by / April 8th, 2016 /

Dheepan

Review by on April 8th, 2016

 1/5 Rating

Director: Jacques Audiard
Cast: Jesuthasan Antonythasan, Kalieaswari Srinivasan and Claudine Vinasithamby
Certificate: 15a
Running Time: 115 minutes
Release Date: April 8th

Based on Montesquieu’s ‘Persian Letters’, a loose novel of correspondences written by two Persian nobles as they experience Europe, Dheepan is a dark and paranoid contemporary tale of migration, Oreintalism and the concept of a lasting peace. Directed by Jacques Audiard, and having won the Palme D’Or at Cannes, the film looks at the final days of the Sri Lankan Civil War, as the separatist Liberation Tigers of Tamil Eelam are defeated by the national army in 2009, after twenty six years of armed conflict.

Told from the perspective of three survivors, it asks us to consider what actions these people took, or will take to stay alive. Challenging the perceptions of audiences, whose experience with violence is slim, we are asked to consider whether the choices they make are immoral, or did this brutal epoch force them to become amoral in order to adapt and carry on breathing.

Beginning with the story of one separatist solider, Sivadhasan, played by Antonythasan, a former Tamil Tigers child soldier, we are introduced to this man as he helps his comrades to cremate fallen insurgents at the end of the prolonged struggle. At a point of ideological disillusionment, he decides to migrate to France, assuming the identity of a dead man, called Dheepan in order to gain employment. Yet, because Dheepan had a wife and daughter, he too must find people to help recreate this vanished family.

This news motivates a woman in her twenties, called Yalini to forward herself as a suitable candidate, but unfortunately she does not have a daughter. So, in an act of desperation, she scours refugee camps, tracking down children whose parents have died until she finds Illayaal, whom she abducts to tick the final box and hence, escape.

Once they board a rickety boat and commence the lengthy journey to Europe, each agrees to hide of their former selves, and fabricate the appearance of a normal family. Sivadhasan takes up work as a street vendor, selling cheap flashy trinkets to tourists, a shadow of himself as he adopts a cheery, naive manner. However, his past paranoia remains bubbling under the surface until he decides it necessary for the family to relocate to an area, which is out of view from the French authorities.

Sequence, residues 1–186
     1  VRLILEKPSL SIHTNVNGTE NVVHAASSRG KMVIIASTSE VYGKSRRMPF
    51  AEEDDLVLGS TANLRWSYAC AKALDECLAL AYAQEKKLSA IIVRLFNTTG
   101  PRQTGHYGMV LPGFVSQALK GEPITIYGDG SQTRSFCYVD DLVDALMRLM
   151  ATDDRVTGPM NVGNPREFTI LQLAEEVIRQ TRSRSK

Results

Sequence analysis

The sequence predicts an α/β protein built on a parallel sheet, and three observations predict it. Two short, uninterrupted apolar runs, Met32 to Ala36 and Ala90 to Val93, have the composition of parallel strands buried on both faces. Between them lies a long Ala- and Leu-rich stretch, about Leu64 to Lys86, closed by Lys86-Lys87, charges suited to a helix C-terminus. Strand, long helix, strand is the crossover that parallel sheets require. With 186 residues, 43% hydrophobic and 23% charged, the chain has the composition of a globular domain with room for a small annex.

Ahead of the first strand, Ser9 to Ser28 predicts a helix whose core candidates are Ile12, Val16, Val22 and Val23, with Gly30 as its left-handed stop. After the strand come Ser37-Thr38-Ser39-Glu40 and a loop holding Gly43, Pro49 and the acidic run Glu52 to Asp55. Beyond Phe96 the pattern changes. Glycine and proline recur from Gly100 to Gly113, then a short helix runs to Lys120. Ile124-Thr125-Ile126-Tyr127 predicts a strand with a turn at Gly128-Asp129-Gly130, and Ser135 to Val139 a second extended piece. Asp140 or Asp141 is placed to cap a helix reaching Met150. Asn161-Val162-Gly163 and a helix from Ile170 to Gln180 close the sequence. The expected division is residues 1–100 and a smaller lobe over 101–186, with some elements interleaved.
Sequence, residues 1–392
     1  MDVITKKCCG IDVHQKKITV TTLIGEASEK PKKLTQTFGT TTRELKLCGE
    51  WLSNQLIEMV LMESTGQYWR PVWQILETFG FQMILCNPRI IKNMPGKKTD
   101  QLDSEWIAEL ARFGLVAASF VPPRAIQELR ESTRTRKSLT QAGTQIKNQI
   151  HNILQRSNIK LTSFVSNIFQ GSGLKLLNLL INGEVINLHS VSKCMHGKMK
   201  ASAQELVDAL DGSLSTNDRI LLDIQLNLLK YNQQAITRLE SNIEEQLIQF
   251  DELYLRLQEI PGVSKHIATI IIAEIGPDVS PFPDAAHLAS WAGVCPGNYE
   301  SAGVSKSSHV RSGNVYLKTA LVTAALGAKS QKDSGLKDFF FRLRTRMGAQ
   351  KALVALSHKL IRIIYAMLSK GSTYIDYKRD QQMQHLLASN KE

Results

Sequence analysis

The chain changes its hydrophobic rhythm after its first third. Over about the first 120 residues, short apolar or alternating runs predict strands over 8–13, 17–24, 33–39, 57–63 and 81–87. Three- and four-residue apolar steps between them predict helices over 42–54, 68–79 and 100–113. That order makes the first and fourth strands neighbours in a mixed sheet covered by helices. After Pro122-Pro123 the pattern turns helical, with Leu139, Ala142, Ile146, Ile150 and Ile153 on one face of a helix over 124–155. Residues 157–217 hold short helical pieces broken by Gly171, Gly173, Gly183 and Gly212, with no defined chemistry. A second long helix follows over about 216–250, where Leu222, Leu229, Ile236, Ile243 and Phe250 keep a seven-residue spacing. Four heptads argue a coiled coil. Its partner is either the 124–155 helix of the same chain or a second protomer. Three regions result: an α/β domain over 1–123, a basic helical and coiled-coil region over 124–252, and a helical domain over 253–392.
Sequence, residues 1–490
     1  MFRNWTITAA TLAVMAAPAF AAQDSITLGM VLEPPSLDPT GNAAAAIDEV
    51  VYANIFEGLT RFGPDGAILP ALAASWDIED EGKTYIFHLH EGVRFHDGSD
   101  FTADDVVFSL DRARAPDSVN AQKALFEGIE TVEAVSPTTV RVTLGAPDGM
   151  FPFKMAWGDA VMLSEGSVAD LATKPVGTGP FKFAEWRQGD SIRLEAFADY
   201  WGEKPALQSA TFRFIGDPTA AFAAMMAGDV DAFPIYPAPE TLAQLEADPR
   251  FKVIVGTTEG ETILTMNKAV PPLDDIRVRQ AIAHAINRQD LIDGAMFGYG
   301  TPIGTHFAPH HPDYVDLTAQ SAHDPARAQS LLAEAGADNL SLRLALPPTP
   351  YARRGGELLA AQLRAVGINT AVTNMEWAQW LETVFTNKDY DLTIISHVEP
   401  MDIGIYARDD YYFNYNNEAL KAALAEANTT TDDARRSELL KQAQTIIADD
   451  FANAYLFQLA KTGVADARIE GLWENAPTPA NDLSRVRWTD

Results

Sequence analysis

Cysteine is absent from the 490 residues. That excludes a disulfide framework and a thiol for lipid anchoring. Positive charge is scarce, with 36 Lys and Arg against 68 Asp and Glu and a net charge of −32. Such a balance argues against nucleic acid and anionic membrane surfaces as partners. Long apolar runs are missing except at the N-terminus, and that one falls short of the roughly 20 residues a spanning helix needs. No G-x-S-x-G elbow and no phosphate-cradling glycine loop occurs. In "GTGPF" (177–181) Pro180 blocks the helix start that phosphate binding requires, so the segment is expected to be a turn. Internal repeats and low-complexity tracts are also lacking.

Switching over to janitorial duty in a decrepit series of flats overrun by criminal gangs, this move also offers Yalini the chance to work as a cleaner, although the post is in the apartment of the complex’s chief drug kingpin. This turn of events does not strike them as threatening initially, their main issues being the casual racism of their neighbours. However, as Sivadhasan genuinely make the effort to settle down, committing fully to his role of fake husband, tensions mount as this desire frustrates Yalini, while outside an imminent gang feud starts to feed into their domestic disputes.

Determined to live in peace, but not permitted to do so by various forces, slowly, but surely, Sivadhasan is dragged back into his old life, whether this is as a warrior, or freedom fighter, the audience must consider. Acting upon good intentions to insure the safety of those innocent bystanders residing in these ravaged apartment blocks, his behaviour can be described as “intelligent self-defence”, in accords with Malcolm X’s philosophy of a necessary aggression, And so, we must ask whether Dheepan is doing the right thing, by reviving his former self in order to at last live a life of peace.

Concerned with the innate violent nature of humans, and exploring psychological issues such as post-traumatic stress, and the “Us” versus “Them” racial divides between East and West, Dheepan also possesses a dark streak of humour, all of which, when combined make this a film difficult to pigeon hole. Beautiful, both as a visual piece and character study, but equally as terrifying in its volatility, this is an extraordinarily epic tale of identity stowed away under a collection of innocuous interactions, which bit by bit advance the plot towards a dramatic climax of chaotic fury.